When I first dropped my jaw to the unbelievably laughable backdoor pilot for NCIS: Los Angeles on the original (slightly more plausible) NCIS, I had hoped that the cruel, unforgiving, and powerful figure who fancied him/herself a deity that commissioned the series in the first place would realize its mistake, and pull the plug on the project before unleashing the obviously failed television entertainment equivalent of an abortion on an otherwise unsuspecting public. [Yes, I do talk like this in real life.] Alas, unlike the Dane Cook series Next Caller, such a thing did not happen — and TV viewers have been suffering ever since.
Sadly, most of them don’t realize they’re in such agony. Now, for those of you who fall into that category, please allow me to point out the show’s two biggest flaws: alleged actor Chris O’Donnell, and supposed singer LL Cool J. Granted, I liked the latter — back in 1985 — but that was only about five minutes before it dawned on me how truly awful his debut album was (to say nothing of his stage name). The former, however, has always been a cumbersome burden to anyone who has ever thought to themselves “Hmm, I wonder if this new Joel Schumacher Batman film will be any good?” or “Hey, let’s go see The Bachelor tonight and find out if it holds up to the classic Buster Keaton and Three Stooges shorts it was taken from” (to say nothing of the greatest movie ever, Vertical Limit).
But that’s all rice under the Batmobile, kids. We’re here to take a deep dark look at NCIS: Los Angeles – The Third Season — something I cannot willingly do in good faith. Not because I hate it, mind you (and I do), but because it’s so goddamn awful, that it physically pains me to watch it. From the very season premiere — wherein Callen (O’Donnell) and Co. travel to Romania (well, Southern California with a little hue added) to rescue their colleague, Hetty (Linda Hunt), from some bad guys — it is obvious that the writing has not improved since before the program first aired. In fact, it’s even worse than before, with corny dialogue that would make Ed Wood blush with shame and twists that even a pretzel maker would find banal.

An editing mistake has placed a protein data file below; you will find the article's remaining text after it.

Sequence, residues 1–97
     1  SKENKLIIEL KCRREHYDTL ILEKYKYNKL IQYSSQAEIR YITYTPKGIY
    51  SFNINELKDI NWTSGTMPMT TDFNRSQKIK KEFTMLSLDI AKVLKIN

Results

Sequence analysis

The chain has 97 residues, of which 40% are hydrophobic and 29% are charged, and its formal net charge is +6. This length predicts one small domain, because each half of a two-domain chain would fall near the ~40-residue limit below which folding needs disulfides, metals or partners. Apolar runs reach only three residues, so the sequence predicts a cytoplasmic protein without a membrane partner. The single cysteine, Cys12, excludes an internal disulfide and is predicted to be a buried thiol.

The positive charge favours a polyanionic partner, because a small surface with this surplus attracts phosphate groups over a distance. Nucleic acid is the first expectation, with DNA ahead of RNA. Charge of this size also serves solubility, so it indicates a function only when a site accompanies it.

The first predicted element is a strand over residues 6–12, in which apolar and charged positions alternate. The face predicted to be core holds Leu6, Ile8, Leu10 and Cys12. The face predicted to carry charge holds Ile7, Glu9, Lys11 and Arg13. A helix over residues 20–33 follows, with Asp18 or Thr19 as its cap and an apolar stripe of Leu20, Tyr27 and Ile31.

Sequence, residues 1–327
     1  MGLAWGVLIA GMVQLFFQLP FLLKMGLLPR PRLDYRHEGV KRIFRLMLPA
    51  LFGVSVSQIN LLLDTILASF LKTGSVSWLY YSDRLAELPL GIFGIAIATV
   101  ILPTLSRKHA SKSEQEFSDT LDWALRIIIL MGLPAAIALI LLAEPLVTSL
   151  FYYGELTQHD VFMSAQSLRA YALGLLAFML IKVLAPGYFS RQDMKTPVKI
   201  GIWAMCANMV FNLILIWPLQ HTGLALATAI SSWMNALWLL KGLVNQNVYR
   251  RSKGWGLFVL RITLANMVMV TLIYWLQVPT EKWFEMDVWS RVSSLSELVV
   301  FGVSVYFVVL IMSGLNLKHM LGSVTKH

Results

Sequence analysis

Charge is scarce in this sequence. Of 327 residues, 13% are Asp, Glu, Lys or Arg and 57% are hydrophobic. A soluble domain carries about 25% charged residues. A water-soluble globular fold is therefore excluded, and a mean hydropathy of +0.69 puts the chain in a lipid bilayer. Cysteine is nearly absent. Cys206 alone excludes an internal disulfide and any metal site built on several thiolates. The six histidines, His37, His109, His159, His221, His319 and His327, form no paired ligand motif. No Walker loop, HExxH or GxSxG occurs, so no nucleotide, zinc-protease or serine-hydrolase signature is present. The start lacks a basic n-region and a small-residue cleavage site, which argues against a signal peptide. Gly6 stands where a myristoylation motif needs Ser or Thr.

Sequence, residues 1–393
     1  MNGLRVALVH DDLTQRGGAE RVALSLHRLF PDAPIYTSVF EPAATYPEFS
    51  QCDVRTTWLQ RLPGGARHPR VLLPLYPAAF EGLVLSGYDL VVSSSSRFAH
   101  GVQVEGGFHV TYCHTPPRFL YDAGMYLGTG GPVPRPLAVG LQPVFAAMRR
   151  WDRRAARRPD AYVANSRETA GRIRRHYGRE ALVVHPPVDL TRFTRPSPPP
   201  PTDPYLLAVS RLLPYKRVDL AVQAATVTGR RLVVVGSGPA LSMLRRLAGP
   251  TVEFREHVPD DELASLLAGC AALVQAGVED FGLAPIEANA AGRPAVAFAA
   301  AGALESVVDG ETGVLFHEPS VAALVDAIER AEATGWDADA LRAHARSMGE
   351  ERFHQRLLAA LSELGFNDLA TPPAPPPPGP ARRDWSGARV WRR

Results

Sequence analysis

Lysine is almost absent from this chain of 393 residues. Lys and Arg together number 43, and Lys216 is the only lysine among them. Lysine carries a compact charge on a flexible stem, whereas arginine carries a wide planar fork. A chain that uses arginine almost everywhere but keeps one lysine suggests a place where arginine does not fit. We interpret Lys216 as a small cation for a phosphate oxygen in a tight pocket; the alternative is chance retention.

The mark of quality continues well throughout the rest of this season (which saw the show’s lowest ratings ever), presented in its entirety here in a standard CBS/Paramount-style six-disc set, and takes viewers upon even more fantastic worldly and exotic locations to be found in Southern California, tossing in appearances by Claire Forlani (who almost became popular in the ’90s), Miguel Ferrer (who just can’t seem to catch a break in Television Land), even poor Christophe(r) Lambert (who hit rock-bottom a long, long time ago). Special features include several making-of featurettes, some deleted scenes, an audio commentary on one episodes, and a crossover episode from the new bastardized Hawaii Five-O series (yes, not only did it start out as a backdoor pilot on one show, it has since joined hands with another — a sure sign of faith on its creators behalf).
The A/V quality here is as bright and crisp as can be expected, boasting a beautiful transfer overall, and the 5.1 English Dolby Digital soundtrack brings out all the awful chitchat and rumble-happy tunes the men and women at the music companies push on us just so people will go out and buy records.
Now, if only LL Cool J had written “It’s All About the Benjamins,” I could have ended with something witty. Oh, well, at least I can end with this classic standby: Vertical Limit. Boom!